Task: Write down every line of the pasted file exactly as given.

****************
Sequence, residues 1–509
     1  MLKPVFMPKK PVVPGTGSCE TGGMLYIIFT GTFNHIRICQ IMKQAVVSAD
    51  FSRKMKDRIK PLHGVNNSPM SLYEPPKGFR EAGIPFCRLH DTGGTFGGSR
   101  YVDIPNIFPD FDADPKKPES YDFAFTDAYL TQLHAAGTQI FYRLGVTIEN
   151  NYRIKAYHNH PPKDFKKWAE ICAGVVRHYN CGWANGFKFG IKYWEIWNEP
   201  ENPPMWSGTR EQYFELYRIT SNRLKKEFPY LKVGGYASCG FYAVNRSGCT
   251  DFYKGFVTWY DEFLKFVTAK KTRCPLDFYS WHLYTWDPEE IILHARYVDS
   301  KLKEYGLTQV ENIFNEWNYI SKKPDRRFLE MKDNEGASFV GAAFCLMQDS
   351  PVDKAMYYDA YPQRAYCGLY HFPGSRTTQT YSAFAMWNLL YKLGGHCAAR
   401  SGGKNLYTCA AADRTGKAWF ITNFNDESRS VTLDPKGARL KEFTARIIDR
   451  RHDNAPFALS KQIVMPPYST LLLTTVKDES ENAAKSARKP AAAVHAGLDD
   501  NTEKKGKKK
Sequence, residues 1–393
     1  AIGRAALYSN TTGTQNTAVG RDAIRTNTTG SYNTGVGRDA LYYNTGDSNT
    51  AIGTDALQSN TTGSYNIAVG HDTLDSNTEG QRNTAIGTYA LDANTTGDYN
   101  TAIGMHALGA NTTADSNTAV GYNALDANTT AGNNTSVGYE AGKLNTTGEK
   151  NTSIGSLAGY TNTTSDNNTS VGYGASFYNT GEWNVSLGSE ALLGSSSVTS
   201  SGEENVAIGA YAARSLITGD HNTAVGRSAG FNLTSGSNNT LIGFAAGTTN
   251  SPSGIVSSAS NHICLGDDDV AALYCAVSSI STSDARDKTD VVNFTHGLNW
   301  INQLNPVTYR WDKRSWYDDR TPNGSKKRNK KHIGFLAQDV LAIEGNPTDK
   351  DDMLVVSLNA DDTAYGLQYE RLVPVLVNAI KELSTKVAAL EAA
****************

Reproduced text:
Sequence, residues 1–509
     1  MLKPVFMPKK PVVPGTGSCE TGGMLYIIFT GTFNHIRICQ IMKQAVVSAD
    51  FSRKMKDRIK PLHGVNNSPM SLYEPPKGFR EAGIPFCRLH DTGGTFGGSR
   101  YVDIPNIFPD FDADPKKPES YDFAFTDAYL TQLHAAGTQI FYRLGVTIEN
   151  NYRIKAYHNH PPKDFKKWAE ICAGVVRHYN CGWANGFKFG IKYWEIWNEP
   201  ENPPMWSGTR EQYFELYRIT SNRLKKEFPY LKVGGYASCG FYAVNRSGCT
   251  DFYKGFVTWY DEFLKFVTAK KTRCPLDFYS WHLYTWDPEE IILHARYVDS
   301  KLKEYGLTQV ENIFNEWNYI SKKPDRRFLE MKDNEGASFV GAAFCLMQDS
   351  PVDKAMYYDA YPQRAYCGLY HFPGSRTTQT YSAFAMWNLL YKLGGHCAAR
   401  SGGKNLYTCA AADRTGKAWF ITNFNDESRS VTLDPKGARL KEFTARIIDR
   451  RHDNAPFALS KQIVMPPYST LLLTTVKDES ENAAKSARKP AAAVHAGLDD
   501  NTEKKGKKK
Sequence, residues 1–393
     1  AIGRAALYSN TTGTQNTAVG RDAIRTNTTG SYNTGVGRDA LYYNTGDSNT
    51  AIGTDALQSN TTGSYNIAVG HDTLDSNTEG QRNTAIGTYA LDANTTGDYN
   101  TAIGMHALGA NTTADSNTAV GYNALDANTT AGNNTSVGYE AGKLNTTGEK
   151  NTSIGSLAGY TNTTSDNNTS VGYGASFYNT GEWNVSLGSE ALLGSSSVTS
   201  SGEENVAIGA YAARSLITGD HNTAVGRSAG FNLTSGSNNT LIGFAAGTTN
   251  SPSGIVSSAS NHICLGDDDV AALYCAVSSI STSDARDKTD VVNFTHGLNW
   301  INQLNPVTYR WDKRSWYDDR TPNGSKKRNK KHIGFLAQDV LAIEGNPTDK
   351  DDMLVVSLNA DDTAYGLQYE RLVPVLVNAI KELSTKVAAL EAA